The federal government is doing a poor job of preventing an invasion of aquatic species that could wreak havoc with Canada’s economy and ecosystems, says a new audit released on Tuesday by Parliament’s environment watchdog.
The audit was among a series of reports released by Julie Gelfand, the federal environment and sustainability commissioner, on a range of issues including fossil fuel subsidies and water pollution form mining companies.
Her report said that inadequate efforts to stop invasive species could have significant consequences. In one recent example, Canada and the U.S. have had to set aside a combined total of $40 million in the 2019-2020 fiscal year to control a species called sea lamprey that is affecting fisheries in the Great Lakes, the report said.
Invasive species can also damage hydroelectric and drinking water filtration facilities, pollute beaches and docks, damage tourism and have profound social and cultural impacts on Indigenous peoples and communities that rely on water resources, the report noted. The report added that the risk of invasive species is also increasing due to climate change.
Officials from the Department of Fisheries and Oceans (DFO) told auditors that they respond to threats in an ad hoc manner, making decisions after reported sightings.
“We found that this response style could be slow,” the report said. “Delayed response times can allow a species to spread further, making it costlier and more troublesome to control or eradicate.”
For example, the report noted that green crab, which has been spreading across Canada’s Atlantic coast since the 1950s, were reported off the Island of Newfoundland in 2007, but DFO “had no response plan ready and took no action for almost a year while it worked with stakeholders to decide how to respond,” Gelfand’s report said.
“It started trapping green crab the following year but was not successful in eradicating the species,” said the report. “Green crab is now established in this area.”
The audit found one major exception, noting that the government has taken “significant steps” to prevent Asian carp, an invasive species that is now affecting the Mississippi River, from entering the Great Lakes.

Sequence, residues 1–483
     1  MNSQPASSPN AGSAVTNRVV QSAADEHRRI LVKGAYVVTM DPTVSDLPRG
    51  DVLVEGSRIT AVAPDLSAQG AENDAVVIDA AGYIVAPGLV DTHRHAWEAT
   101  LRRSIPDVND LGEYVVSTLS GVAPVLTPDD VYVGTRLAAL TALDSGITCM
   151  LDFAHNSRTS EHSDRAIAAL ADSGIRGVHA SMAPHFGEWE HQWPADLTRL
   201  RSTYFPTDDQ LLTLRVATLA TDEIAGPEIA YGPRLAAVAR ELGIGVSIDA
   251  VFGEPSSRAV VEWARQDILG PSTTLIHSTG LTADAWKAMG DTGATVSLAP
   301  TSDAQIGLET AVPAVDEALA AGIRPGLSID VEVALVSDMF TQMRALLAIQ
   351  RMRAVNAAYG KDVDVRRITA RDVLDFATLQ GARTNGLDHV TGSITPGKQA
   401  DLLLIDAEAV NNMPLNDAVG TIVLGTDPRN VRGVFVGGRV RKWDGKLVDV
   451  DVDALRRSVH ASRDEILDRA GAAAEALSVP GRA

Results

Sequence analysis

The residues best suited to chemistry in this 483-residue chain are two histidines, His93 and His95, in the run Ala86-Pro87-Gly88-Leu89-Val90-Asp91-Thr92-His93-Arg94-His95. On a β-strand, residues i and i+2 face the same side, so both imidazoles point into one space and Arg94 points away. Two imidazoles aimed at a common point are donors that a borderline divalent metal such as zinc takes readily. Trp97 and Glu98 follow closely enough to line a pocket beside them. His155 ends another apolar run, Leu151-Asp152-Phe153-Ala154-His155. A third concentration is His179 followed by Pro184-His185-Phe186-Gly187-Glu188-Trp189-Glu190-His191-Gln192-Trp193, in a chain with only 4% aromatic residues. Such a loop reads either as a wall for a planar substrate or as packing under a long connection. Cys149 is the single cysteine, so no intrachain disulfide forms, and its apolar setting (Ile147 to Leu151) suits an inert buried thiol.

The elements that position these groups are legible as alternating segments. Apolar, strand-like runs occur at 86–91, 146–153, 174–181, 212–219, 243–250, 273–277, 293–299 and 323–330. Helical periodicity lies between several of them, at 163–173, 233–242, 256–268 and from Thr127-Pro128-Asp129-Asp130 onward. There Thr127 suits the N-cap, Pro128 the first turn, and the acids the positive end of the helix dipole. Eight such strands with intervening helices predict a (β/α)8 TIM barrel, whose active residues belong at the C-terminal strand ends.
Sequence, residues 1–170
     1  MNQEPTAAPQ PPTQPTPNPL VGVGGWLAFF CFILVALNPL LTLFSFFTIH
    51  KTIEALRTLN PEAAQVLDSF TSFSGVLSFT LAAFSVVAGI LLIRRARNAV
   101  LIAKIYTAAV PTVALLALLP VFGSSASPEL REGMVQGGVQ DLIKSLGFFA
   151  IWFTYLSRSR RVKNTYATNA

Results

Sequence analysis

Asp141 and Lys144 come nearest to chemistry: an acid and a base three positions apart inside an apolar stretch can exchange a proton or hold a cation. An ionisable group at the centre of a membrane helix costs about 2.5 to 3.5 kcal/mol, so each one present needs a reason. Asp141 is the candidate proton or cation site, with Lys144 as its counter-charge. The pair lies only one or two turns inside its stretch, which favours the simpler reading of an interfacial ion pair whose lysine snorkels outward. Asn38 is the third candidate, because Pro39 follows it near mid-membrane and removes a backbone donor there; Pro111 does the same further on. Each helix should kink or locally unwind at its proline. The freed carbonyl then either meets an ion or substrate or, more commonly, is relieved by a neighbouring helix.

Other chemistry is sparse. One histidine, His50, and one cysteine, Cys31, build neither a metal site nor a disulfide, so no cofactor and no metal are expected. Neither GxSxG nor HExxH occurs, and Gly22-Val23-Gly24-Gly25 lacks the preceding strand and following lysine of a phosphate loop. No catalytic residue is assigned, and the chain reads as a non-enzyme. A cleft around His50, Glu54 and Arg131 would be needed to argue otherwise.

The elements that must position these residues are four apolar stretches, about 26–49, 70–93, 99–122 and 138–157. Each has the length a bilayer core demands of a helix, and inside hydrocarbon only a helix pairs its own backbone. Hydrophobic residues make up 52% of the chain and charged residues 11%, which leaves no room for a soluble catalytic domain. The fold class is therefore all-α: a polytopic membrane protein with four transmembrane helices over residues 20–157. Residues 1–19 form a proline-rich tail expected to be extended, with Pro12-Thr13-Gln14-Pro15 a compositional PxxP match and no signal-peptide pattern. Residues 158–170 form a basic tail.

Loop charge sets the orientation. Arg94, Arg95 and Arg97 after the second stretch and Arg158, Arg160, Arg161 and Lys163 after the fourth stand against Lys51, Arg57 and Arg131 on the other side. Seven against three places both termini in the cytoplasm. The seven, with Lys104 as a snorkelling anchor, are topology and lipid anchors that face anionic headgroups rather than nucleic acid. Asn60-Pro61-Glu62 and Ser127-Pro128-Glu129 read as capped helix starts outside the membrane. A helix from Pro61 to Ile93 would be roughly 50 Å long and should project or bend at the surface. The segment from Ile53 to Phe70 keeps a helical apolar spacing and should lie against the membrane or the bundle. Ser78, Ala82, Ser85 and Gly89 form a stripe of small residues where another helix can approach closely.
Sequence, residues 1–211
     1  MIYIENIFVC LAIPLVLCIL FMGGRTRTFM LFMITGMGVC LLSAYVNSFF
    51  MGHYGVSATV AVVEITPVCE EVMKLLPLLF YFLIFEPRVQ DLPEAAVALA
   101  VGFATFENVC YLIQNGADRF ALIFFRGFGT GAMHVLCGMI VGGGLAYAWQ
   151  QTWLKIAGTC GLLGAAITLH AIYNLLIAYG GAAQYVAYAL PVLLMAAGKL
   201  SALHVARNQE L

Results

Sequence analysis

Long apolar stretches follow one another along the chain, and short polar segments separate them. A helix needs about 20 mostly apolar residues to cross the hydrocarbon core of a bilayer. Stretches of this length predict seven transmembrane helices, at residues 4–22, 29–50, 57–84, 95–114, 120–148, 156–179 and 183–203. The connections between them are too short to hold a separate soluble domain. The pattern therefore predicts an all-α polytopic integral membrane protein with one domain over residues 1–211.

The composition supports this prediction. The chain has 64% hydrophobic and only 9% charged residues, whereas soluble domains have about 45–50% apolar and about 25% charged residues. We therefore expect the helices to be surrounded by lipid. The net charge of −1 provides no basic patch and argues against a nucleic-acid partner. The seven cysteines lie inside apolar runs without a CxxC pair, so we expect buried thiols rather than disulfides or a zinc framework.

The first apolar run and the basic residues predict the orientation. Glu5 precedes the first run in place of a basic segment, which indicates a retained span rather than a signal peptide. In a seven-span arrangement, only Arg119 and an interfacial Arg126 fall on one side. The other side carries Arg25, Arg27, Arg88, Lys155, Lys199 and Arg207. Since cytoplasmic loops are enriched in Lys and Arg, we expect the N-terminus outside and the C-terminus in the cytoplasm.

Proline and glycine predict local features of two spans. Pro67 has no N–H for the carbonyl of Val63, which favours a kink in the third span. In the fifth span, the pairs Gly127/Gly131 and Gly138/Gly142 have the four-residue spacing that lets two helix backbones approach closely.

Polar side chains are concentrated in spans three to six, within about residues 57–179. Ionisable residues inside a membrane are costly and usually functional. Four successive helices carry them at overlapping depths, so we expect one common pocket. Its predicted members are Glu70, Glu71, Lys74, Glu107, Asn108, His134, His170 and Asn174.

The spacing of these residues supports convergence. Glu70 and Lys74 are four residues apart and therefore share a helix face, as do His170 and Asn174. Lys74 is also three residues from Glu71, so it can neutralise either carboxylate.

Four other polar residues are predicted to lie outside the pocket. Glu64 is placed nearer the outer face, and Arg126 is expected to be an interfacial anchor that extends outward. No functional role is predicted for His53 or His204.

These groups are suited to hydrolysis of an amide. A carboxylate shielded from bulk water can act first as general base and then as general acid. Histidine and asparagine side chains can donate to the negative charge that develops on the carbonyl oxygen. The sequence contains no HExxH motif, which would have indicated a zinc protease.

The report said that prevention is cheaper than having to deal with an established invasive species, but it noted that the Canada Border Services Agency was also failing to enforce regulations to prevent an invasion of aquatic species at the country’s international borders.
These shortcomings were identified despite international commitments that Canada has made to protect biodiversity that go back to the 1992 Earth Summit in Rio de Janeiro.
Both the agency and the fisheries department agreed with the recommendations and said they are prioritizing action to fix the problem.
DFO has also specially committed to drafting a national response strategy before the end of 2019 that will guide policies in the regions.
In a joint statement issued following the report's release, Fisheries Minister Jonathan Wilkinson and Environment Minister Catherine McKenna noted that the government had announced $43.8 million in spending over five years to tackle the "dangerous threat" that aquatic invasive species present to both the environment and economy.
"This federal funding led to the creation of the National Program on Aquatic Invasive Species," the ministers said in their statement. "Through this program, Fisheries and Oceans Canada (DFO) is working in close collaboration with Canada Border Services Agency to develop and implement procedures, tools and training to ensure border officers are well equipped to fulfill their responsibilities under the AIS (Aquatic Invasive Species) Regulations."
Editor's note: This article was updated at 12:01 ET on April 2, 2019 with new comments from Fisheries Minister Jonathan Wilkinson and Environment Minister Catherine McKenna. It was updated again at 4:15 p.m. ET to correct that Canada and the U.S. have had to set aside a combined $40 million in the 2019-2020 fiscal year to control a species called sea lamprey.